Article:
Author Archives: Megan Stephenson

Film Fest in Jeopardy

Sunday, June 26th, 2011

With this year’s Maui County budget recently solidified and funds spread thin, the arts may have been left hanging. A popular event for the past seven years, the Molokai Film Festival is one of the programs in jeopardy. The festival brought in hundreds of residents and visitors, and screened independent, often locally-made films. However, due to budget cuts, organizers do not have enough funding to hold this festival this fall.

“There’s not another Hawaiian free festival like ours,” said co-founder Ken Martinez Burgmaier, news director and producer of Maui Today TV.

Small Farms Get Support

Sunday, June 26th, 2011

U.S. Department of Agriculture News Release

Small farms and agri-business are supported by the U.S. Department of Agriculture (USDA) by their Small Business Innovation Grant Program. The department, in collaboration with the local University of Hawaii (UH) Ag program, will be hosting an informational meeting June 27 at 9 a.m., at the Office of Hawaiian Affairs conference room at Kulana `Oiwi. Dr. Suresh Sivapathasun will be the guest speaker.

The Small Business Innovation Research (SBIR) program at the USDA makes competitively awarded grants to qualified small businesses to support high quality, advanced concepts research related to important scientific problems and opportunities in agriculture that could lead to significant public benefit if successful.

Education Fund Benefits Molokai Students

Thursday, June 23rd, 2011

Community Contributed

By Barbara Haliniak

As a board member of the Maui Economic Development Board (MEDB), I would like to spotlight the significance of the Ke Alahele Education Fund to Molokai. To date, MEDB has awarded over $90,000 to our schools and educational projects to help educators, students and special programs expand skills in Science, Technology, Engineering and Math (STEM) fields.

This is an excellent avenue to fund Molokai schools and student projects, especially during this time with the DOE budget cuts.

Big Wind: Corporate Plan or Planning by the People

Wednesday, June 22nd, 2011

Big Wind: Corporate Plan or Planning by the People

Community Contributed

Opinion by Artice Swingle
 
Looking at the map of the proposed undersea cable route, consider the following:

Both Oahu cable sites are on military bases. Why? Because these are the only sites approved for this type of cable.

What will happen when the cable is laid from Ilio Point and along the south shore of Molokai?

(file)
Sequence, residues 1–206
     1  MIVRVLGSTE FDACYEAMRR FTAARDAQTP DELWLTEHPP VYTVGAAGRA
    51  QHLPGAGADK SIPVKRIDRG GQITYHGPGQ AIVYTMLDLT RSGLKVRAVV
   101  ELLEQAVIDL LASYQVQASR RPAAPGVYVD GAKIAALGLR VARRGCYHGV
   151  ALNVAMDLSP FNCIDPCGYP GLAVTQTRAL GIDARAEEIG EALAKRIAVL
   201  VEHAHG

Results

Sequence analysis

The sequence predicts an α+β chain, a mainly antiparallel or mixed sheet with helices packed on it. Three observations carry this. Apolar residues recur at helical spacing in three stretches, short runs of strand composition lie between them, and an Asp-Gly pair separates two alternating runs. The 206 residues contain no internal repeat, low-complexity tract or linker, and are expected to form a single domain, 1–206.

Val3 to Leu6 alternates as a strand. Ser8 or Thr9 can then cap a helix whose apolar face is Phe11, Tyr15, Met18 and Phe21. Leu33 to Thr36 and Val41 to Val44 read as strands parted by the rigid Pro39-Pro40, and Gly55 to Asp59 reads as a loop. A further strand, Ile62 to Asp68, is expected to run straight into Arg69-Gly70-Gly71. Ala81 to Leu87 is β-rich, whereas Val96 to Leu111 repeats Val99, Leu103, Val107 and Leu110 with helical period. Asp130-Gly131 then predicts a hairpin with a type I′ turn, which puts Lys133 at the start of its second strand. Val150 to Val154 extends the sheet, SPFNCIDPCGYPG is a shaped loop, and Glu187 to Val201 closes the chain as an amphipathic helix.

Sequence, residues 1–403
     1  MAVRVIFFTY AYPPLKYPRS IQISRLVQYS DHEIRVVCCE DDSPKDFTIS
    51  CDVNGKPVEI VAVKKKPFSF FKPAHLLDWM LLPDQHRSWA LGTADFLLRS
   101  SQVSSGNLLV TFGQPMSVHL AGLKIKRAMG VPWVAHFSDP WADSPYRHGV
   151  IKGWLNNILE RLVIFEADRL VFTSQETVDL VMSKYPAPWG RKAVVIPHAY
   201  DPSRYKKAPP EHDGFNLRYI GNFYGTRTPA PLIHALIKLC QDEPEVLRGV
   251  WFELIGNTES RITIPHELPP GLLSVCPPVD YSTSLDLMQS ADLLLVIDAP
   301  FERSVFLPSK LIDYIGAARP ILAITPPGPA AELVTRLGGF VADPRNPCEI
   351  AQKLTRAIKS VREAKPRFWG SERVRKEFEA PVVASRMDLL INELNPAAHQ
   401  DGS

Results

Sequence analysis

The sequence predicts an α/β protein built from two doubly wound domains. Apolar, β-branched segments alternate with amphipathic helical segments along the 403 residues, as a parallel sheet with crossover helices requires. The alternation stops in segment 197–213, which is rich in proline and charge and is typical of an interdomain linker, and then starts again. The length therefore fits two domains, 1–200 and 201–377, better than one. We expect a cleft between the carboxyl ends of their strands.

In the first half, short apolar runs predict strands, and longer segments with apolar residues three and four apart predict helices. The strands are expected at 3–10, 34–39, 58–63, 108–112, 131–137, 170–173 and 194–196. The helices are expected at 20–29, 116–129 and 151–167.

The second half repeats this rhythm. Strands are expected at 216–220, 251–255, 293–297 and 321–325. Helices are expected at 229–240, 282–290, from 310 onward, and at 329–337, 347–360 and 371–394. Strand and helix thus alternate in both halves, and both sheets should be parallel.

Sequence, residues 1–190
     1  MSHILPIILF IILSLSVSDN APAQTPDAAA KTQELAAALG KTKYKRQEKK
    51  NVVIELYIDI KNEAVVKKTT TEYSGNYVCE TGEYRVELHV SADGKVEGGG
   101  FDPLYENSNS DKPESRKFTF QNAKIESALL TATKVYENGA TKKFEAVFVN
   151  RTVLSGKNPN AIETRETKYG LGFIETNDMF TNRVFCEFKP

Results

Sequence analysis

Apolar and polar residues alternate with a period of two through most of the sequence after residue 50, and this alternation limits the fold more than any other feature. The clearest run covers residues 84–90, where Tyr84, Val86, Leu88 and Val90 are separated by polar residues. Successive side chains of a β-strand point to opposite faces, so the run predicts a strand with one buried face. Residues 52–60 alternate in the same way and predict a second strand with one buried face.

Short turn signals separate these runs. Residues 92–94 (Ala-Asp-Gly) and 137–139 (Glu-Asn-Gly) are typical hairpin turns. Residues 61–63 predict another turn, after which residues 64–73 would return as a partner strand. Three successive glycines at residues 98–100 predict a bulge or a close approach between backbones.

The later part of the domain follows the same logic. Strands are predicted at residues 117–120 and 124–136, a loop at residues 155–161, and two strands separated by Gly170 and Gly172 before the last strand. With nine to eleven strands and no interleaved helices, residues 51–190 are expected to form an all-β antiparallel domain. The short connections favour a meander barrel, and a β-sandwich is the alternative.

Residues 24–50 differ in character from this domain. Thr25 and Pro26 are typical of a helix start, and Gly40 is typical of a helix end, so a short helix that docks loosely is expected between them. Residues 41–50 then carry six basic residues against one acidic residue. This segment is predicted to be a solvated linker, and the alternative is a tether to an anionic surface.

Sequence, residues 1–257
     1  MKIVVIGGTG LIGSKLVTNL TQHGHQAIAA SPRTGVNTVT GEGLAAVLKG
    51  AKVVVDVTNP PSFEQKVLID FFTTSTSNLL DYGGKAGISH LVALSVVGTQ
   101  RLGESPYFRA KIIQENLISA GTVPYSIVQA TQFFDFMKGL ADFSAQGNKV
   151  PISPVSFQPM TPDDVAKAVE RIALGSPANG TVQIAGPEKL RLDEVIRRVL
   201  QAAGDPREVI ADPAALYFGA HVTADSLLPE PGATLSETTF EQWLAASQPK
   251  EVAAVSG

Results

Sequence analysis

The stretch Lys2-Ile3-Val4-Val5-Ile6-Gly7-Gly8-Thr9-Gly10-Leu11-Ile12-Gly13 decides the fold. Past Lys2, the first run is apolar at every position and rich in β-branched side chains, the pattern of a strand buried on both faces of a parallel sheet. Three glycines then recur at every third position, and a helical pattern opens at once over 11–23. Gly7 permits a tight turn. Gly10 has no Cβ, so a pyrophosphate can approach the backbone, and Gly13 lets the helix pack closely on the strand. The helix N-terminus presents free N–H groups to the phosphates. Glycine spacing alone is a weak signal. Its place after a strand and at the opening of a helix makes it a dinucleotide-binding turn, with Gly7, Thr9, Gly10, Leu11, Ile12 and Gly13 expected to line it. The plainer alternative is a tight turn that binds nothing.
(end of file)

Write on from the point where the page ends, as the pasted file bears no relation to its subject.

Destruction of breeding grounds for native animals and plants, ancient fish ponds and our reef. How do we know this? We have on Molokai an elder who has worked on undersea cables in Hawaii and throughout the world. Cables are laid on the sea floor unless there is an obstruction. Then an attempt is made to dig through the obstruction, or in the case of a reef, dynamite is used to blow a hole through it, endangering the whole reef system.

What about the cable to Lanai from Kaunakakai? The cable lies in the channel where whales come seasonally to breed and birth their young.  For this reason these waters are protected as part of the Hawaiian Islands Humpback Whale National Marine Sanctuary.


Our reef system is so important because it is one of the very few living reef systems in the world. Most reef systems have been fragmented and destroyed in the names of progress. Witness the reefs surrounding Oahu!

What is the potential for military involvement on the affected sites? On Kauai, expansion of the base has resulted in chain link fencing cordoning off former agricultural land, ocean access for fishing and sacred cultural sites. Fencing off Ilio and not allowing fishing access, as well as fencing significant areas of the south and west sides of Molokai, will result in loss of fishing and hunting rights – very important food sources. Local residents are reeling from the proposed disqualification of 450 families from medical insurance coverage, severe unemployment, and lack of paying jobs. Loss of hunting and fishing rights will greatly impact those who are already at a level of subsistence living as well as jeopardize our local economy.

Pattern Energy is a firm from California that was requested by Peter Nicholas of Molokai Properties (Guoco Corporation) to construct an industrial wind factory built on Guoco-held land. A representative of Pattern Energy has said they will make $40-$60 million from government tax rebates on Molokai.

What are the potential impacts on our island from expansion of our harbor, construction of an industrial wind factory, the secrecy surrounding the facts, and impact of the undersea cable on Molokai and neighbor islands?

Let our voices be heard.  Go to IAlohaMolokai.com for more information about the undersea cable bill, SB367, the industrial windmill factory, and the contact information for our senator and representative.

To Tell the Truth or Not

Wednesday, June 22nd, 2011